If 2020 was the year that broke me, 2021 is the year that built me.
This year exceeded any of my wildest expectations, but if we’re being honest, I didn’t expect much considering how my 2020 ended and 2021 started.
This year I pursued things that set my heart on fire, professionally, personally, and everything in-between. I did things that scared me, I met people who bettered me, and more than anything, I found gratitude for exactly where I’m at.
I used to wish I could go back and relive moments in my past. I also used to wish I could fast-forward to a time in my future when things would be figured out. Without exaggeration, I think this has been the best year of my life, but not because everything’s gone “right.” For the first time, maybe ever, I learned to lean into uncertainty . . . and man, it has paid off in spades.
At the beginning of the year, I took a break from social media for a few months and ended up on a reality tv show. I adopted a third dog and got my first (of now, several) tattoo. I learned how to sail, how to clean a p-trap, how to cut tile (and how to use so many other cool power tools), started to learn a new language (current streak on Duolingo is 266 days), got back to painting for the first time since I started law school, celebrated 520+ food bank donations from daily workouts with Vizer, celebrated milestones for friends and family, and learned to enjoy my own company.
I tried online dating and made more than 1k donations to Bumble’s effort to end hunger. I went on more than thirty IRL first dates (some from apps . . . but I think some of my favorite ones were from happenstance encounters through work and friends).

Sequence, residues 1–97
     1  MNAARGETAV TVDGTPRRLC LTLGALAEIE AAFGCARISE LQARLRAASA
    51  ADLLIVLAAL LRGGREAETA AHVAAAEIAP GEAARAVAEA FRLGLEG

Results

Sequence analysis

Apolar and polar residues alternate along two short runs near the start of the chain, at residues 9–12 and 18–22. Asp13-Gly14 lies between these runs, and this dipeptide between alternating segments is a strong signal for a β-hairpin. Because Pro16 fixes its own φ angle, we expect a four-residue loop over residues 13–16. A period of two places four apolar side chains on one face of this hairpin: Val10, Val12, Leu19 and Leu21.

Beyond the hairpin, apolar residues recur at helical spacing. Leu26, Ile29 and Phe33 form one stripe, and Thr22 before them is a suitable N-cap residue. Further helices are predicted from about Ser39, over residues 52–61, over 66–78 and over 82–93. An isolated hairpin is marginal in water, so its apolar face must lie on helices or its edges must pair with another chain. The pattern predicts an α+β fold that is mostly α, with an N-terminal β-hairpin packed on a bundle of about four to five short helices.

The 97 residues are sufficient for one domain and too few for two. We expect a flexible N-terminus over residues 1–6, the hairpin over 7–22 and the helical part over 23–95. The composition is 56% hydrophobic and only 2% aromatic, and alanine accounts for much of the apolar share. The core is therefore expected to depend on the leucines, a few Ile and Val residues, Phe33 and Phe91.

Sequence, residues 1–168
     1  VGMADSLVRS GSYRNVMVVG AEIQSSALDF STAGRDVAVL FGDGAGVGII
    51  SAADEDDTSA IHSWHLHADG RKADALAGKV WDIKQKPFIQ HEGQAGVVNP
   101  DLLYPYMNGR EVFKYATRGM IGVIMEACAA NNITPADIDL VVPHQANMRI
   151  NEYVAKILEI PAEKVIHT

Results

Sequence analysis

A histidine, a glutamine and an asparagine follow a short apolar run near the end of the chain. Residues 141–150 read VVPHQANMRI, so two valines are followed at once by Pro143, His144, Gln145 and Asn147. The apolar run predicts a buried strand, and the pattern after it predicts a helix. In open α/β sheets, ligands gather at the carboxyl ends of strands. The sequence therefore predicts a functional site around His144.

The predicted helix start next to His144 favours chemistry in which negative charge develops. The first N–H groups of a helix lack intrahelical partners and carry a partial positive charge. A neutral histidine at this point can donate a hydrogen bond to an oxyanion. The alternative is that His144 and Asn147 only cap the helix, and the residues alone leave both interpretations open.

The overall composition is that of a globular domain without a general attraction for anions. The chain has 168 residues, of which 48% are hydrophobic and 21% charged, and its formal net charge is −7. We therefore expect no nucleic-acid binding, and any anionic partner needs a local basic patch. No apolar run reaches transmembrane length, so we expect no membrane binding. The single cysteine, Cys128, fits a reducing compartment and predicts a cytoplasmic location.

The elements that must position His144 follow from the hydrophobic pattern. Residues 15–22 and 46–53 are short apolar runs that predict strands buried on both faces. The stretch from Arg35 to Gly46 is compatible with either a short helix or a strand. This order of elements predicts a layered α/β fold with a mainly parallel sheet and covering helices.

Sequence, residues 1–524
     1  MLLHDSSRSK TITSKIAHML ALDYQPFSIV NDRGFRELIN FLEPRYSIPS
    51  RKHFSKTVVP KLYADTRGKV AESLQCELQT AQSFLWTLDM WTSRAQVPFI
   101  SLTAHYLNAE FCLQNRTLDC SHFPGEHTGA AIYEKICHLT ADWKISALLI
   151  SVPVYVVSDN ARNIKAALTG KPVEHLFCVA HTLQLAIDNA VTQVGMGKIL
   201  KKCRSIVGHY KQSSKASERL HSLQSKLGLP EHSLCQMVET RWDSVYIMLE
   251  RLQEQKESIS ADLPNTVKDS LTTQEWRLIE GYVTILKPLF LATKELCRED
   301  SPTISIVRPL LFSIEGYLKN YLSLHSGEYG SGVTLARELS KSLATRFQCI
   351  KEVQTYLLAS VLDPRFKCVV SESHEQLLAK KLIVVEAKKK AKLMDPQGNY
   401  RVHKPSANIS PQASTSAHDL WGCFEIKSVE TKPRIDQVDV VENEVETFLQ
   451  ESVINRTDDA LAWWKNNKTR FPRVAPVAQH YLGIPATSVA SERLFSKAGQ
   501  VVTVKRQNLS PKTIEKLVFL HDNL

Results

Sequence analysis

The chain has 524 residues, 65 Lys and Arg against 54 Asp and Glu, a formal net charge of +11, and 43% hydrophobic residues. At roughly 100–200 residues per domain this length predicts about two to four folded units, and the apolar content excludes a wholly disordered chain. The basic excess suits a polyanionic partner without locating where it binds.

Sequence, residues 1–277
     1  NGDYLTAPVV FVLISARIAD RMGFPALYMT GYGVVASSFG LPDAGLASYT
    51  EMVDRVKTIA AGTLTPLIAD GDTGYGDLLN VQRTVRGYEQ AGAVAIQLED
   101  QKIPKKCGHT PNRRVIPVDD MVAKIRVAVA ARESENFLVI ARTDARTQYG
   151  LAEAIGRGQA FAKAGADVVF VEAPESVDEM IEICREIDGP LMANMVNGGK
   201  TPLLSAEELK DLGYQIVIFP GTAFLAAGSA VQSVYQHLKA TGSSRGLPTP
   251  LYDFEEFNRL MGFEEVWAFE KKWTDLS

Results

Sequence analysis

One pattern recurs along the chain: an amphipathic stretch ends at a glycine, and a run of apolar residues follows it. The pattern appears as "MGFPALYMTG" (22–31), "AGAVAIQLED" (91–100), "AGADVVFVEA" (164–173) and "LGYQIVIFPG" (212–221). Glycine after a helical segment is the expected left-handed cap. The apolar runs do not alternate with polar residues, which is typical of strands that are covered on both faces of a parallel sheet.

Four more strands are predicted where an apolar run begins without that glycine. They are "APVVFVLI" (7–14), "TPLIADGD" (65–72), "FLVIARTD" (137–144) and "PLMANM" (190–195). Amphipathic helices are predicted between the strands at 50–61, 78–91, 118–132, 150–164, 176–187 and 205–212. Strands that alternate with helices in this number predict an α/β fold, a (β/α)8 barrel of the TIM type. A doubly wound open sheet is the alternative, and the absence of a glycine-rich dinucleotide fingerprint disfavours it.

I’ve had the opportunity to work on some pretty cool projects, the most recent of which has been being a named attorney on several federal cases . . . which feels surreal, when only a few years ago I was told I wasn’t cut out to be an attorney because my health was too fragile . . . and I wasn’t sure I’d be able to finish my degree, let alone take the bar or ever practice.
I learned to celebrate the small wins just as much as the big ones. I learned to set healthy boundaries. I continued to work through lingering anxiety and trauma from the past. I learned to sit with uncomfortable moments, because like everything else, they’ll eventually pass.
I used to think life was measured solely by accomplishments (the job, the relationship, the whatever), but this year I’ve found the most impactful moments are often the ones that knock you on your ass and make you question what you’re even doing (the loss of said job, that “failed” engagement, and all of the mess in-between).
I’m so, so grateful my life looks nothing like I wanted it to a few years ago. I had to lose myself to find a version of myself I didn’t even know existed. I had to learn to let go of waiting for the outcome in order to blissfully fall in love with the process.
So, as in years prior, a few of my favorite lessons from 2021:
1 – Everything happens when it’s supposed to. Sometimes the timing of things don’t make sense in the moment, but looking back, everything happens when you’re ready for it. I used to be the queen of impatience, but learning to lean into that discomfort has allowed me to be more present, more spontaneous, more open to whatever comes my way, and in doing so, tremendously happier.